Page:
Missing my notebooks

I sometimes drift away from using a paper notebook for taking notes. This usually happens when I become infatuated with some new computer workflow or app and decide that paper is just too much work and too inconvenient.

Then something happens that makes me miss my notebooks.

Today, for example, I was trying to remember something about the sale of my house and even though I took lots of notes on my computer, I couldn’t seem to find what I was looking for. I had originally started taking notes about the process of selling the house in my paper notebook, so I pulled that out, opened to the page with the “Moving” topic, and quickly spotted what I needed.

It’s easy to write off immutability as a negative aspect of paper, but I believe it is one of its greatest strengths. Even though I can’t search my notebooks, I can usually find what I’m looking for by sight and it’s always right where I left it.

I then sat for an hour and just wrote, scribbled, and flipped through my current notebooks and was reminded how very relaxing and pleasant writing on paper can be.

The new Palm is a tiny phone to keep you away from your phone – The Verge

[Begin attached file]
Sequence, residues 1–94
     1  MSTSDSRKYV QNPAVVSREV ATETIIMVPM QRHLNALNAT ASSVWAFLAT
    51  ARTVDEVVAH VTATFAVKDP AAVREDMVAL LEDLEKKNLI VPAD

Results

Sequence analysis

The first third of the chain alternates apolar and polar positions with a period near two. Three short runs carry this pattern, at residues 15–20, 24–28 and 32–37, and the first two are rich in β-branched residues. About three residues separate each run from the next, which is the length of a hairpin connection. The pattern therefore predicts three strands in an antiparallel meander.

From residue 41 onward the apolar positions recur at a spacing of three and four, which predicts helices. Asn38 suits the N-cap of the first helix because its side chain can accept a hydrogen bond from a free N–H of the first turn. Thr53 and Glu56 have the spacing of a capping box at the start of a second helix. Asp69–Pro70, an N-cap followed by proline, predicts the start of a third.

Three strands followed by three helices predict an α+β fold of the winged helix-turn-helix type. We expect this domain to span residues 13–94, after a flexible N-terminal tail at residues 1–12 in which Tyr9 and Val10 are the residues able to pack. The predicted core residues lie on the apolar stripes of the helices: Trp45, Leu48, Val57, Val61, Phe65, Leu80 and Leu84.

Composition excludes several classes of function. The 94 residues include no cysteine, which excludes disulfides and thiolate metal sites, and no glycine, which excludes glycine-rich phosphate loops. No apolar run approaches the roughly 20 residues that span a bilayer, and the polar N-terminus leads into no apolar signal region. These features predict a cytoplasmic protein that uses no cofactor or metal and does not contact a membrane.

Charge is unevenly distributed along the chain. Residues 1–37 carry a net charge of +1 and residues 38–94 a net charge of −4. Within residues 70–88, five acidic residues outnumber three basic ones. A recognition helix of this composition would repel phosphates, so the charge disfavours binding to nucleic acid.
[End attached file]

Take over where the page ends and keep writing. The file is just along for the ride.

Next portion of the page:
The Verge:

So to review: it’s a tiny phone to keep you from using your big phone, but it could do all the things your big one can do if you wanted (but you shouldn’t because the whole idea is to get you to be a little less obsessed with your phone). It’s like a phone for your phone. And Steph Curry helped design cases for it so you can strap it to your forearm during workouts. There are Kate Spade clutches for it, too.

Like I said: weird. But also: fascinating.

This is not the one for me, but I think they’re on to something.

The Math behind Project Scheduling, Bug Tracking, and Triage – Avery Pennarun

Avery Pennarun | USENIX:

Many projects have poorly defined (and often overridden) priorities, hopelessly optimistic schedules, and overflowing bug trackers that are occasionally purged out of frustration in a mysterious process called “bug bankruptcy.” But a few projects seem to get everything right. What’s the difference? Avery collected the best advice from the best-running teams at Google, then tried to break down why that advice works—using math, psychology, an ad-hoc engineer simulator (SimSWE), and pages torn out of Agile Project Management textbooks.

(Via Michael Tsai)

I’m always disappointed when clicking a link and finding it’s only a podcast or video. It’s instantly “Nope, I don’t have time for that right now.” and I’m out.

Transcript or it didn’t happen.

I just finished closing on my house. I’ve lived here since 2001 and it feels a little weird, but I’m also very excited about what’s next.

I kind of want Webmentions to show up on my blog posts. I’ve been fighting them on my Hugo blog and they’re winning. Put this one in the “Pluses” column for WordPress.

The thing about carrying an auto-everything camera is that I can hand it to someone and they can take my photo without needing a camera lesson. Thanks Gail!


I’m already numb to the automation prompts in the Mojave betas. I now just click “Allow” without reading the whole message, even though I know it’s a bad idea. This feels less secure to me.